[QUOTE=justcountry04;20381266]Hey all Im looking at a used 89 Transalp locally, I go to see it on Friday. The owner says everything works, decent shape, 31,000 miles on the odometer. he's asking 2,200 OBO USD. Ive seen pics of it and it looks good, im just hesitant to know if parts are available in the US for decent prices. I had a bad experience with an NX250 a few years ago and how a few minor part that broke the bank. Any input would be great
The smartest thing you could do is bring someone along who is familiar with Transalps and let them evaluate it for you. Most all sellers claim their Transalp is in excellent condition but I sure find plenty on these 23 year old bikes that at the least is not up to date service wise. If you don't know what you don't know then the bike must be in excellent condition right?.
Since finding someone who is familiar with these bikes is unlikely perhaps then bringing along a knowledgeable mechanic would be your best bet.
I can give you a long list of things to look for but it is no substitute for basic understanding of these bikes. Just use a critical eye over the entire bike, check the oil first, is it clean, is there any even on the dip stick, you check it with the eingine warmed and in a vertical position, not on the side stand.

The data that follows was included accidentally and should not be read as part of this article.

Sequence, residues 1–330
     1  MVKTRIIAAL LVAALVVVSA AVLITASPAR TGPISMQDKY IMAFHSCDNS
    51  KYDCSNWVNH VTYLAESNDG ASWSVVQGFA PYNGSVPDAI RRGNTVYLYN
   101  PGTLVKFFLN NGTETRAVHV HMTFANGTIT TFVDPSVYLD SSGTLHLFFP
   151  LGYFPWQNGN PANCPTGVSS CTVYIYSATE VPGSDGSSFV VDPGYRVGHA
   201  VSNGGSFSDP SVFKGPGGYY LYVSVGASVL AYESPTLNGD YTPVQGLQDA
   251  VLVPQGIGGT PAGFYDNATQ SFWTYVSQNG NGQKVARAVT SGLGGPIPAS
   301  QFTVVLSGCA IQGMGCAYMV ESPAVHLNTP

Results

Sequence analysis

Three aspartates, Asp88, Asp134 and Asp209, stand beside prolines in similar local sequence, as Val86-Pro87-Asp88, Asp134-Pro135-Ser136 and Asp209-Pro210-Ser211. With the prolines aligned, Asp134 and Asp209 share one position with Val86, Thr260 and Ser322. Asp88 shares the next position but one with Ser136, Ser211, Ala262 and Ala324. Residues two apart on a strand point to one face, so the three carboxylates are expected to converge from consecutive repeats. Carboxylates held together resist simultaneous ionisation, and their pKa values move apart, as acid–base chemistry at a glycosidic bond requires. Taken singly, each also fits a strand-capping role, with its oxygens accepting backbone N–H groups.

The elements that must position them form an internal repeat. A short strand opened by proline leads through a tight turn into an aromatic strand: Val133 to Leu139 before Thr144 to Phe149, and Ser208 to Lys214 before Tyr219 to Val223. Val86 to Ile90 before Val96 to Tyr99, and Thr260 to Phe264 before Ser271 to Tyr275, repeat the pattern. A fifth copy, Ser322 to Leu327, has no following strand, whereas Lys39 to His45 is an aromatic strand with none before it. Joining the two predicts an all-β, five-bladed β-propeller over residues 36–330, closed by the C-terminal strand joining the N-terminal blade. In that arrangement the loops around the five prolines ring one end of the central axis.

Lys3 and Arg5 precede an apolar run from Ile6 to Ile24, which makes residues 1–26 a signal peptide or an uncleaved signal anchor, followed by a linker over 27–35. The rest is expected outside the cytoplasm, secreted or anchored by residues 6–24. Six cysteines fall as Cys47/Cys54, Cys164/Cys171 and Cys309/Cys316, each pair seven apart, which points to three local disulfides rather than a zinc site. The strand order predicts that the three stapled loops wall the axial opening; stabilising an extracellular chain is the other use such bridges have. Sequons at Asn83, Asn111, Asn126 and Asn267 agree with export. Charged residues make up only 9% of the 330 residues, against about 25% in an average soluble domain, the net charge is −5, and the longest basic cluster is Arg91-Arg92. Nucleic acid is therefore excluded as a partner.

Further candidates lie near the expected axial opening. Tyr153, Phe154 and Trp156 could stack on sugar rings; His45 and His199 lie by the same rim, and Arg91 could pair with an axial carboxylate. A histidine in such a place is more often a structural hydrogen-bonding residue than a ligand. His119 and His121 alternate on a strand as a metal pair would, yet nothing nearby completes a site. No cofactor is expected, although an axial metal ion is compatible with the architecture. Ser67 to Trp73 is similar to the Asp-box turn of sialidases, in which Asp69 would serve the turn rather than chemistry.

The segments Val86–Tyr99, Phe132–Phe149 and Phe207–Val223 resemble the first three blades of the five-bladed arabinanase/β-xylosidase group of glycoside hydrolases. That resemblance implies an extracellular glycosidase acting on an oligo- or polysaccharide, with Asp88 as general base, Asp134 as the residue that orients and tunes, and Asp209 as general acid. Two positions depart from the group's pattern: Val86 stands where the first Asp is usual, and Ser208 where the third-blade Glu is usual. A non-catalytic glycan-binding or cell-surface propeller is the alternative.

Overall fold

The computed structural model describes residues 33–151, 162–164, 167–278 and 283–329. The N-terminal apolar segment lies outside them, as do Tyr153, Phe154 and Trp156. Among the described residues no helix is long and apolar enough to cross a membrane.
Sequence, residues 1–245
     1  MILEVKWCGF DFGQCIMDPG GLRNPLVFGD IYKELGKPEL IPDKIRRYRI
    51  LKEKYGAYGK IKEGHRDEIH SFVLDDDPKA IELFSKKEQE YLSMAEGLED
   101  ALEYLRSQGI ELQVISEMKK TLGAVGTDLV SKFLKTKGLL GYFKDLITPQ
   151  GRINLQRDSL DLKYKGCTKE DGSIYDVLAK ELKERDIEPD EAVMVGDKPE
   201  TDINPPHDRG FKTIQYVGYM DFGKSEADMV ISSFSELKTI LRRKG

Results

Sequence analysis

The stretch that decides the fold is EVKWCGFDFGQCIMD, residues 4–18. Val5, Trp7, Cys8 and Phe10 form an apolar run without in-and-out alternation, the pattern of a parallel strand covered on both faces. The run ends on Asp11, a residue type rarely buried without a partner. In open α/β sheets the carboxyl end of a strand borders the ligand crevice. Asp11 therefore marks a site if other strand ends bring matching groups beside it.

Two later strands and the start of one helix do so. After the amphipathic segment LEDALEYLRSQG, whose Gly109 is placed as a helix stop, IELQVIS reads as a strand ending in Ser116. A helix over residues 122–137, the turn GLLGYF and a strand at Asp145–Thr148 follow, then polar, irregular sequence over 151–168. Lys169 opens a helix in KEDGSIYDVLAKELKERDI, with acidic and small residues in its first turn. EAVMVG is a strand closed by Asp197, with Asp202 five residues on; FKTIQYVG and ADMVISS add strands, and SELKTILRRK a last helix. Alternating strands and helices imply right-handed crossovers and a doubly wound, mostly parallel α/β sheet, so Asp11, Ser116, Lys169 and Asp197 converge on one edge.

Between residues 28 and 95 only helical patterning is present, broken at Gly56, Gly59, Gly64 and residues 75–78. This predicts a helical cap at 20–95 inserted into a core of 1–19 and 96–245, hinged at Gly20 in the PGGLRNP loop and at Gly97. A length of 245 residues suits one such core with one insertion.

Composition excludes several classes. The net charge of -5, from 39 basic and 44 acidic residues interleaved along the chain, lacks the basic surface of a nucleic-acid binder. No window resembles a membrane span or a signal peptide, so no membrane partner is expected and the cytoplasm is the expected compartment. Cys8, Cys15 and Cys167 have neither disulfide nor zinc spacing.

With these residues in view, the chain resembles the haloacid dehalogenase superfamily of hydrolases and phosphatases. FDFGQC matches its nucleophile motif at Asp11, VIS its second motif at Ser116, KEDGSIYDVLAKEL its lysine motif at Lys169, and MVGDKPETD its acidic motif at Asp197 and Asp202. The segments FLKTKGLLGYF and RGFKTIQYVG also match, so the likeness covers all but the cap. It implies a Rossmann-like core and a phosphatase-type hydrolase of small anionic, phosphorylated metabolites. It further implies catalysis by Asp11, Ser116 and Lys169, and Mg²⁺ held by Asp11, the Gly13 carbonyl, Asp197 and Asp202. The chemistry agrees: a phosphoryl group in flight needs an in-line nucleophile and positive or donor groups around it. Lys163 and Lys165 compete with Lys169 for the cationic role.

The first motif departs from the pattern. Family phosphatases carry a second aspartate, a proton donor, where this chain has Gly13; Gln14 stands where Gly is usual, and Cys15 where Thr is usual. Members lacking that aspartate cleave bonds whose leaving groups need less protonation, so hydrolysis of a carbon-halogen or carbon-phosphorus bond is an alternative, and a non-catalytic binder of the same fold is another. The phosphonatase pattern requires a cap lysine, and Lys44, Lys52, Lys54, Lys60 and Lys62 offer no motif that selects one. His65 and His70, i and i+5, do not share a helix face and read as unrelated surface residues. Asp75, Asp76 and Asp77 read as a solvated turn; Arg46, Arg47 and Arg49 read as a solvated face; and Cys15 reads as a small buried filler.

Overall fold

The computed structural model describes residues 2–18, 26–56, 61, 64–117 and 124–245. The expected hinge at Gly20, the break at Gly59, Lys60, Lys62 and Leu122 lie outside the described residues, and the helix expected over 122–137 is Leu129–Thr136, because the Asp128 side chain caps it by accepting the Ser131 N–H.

Check the chain for free play, it should have about 1 3/8" free play, if it is tight then the coutershaft wear might me a legitimate concern and something to take a more serious look at. The bike should start very easy from a dead cold engine. The over grossly exaggerated concerns about the CDI failure should not stop you from buying a Transalp. People seem to forget that many of these bikes still have thier original 23 year old ignition modules, of course they will go bad but replacments are easy to find and I have not heard of any early failures once they are replaced.
The basic test is of course riding the bike but since you have no reference point you are at a disadvantage. It should run very smooth with no outstanding issues such as noises, knocking sounds, transmission should shift smoothly, test all the electrical switches for proper functions.
Size up the seller, did he buy it just to resell, has he owned it a while, question him on the service history, does he sound like he knows what he is talking about? Ask him if he replaced the spark plugs, if he says he replaced both of them then he does know much about his Transalp, they have 4 spark plugs.
For a well kept Transalp with 31K miles it should feel like a new bike. Beware if the original clutch is still in there then you can count on being the guy who will replace it.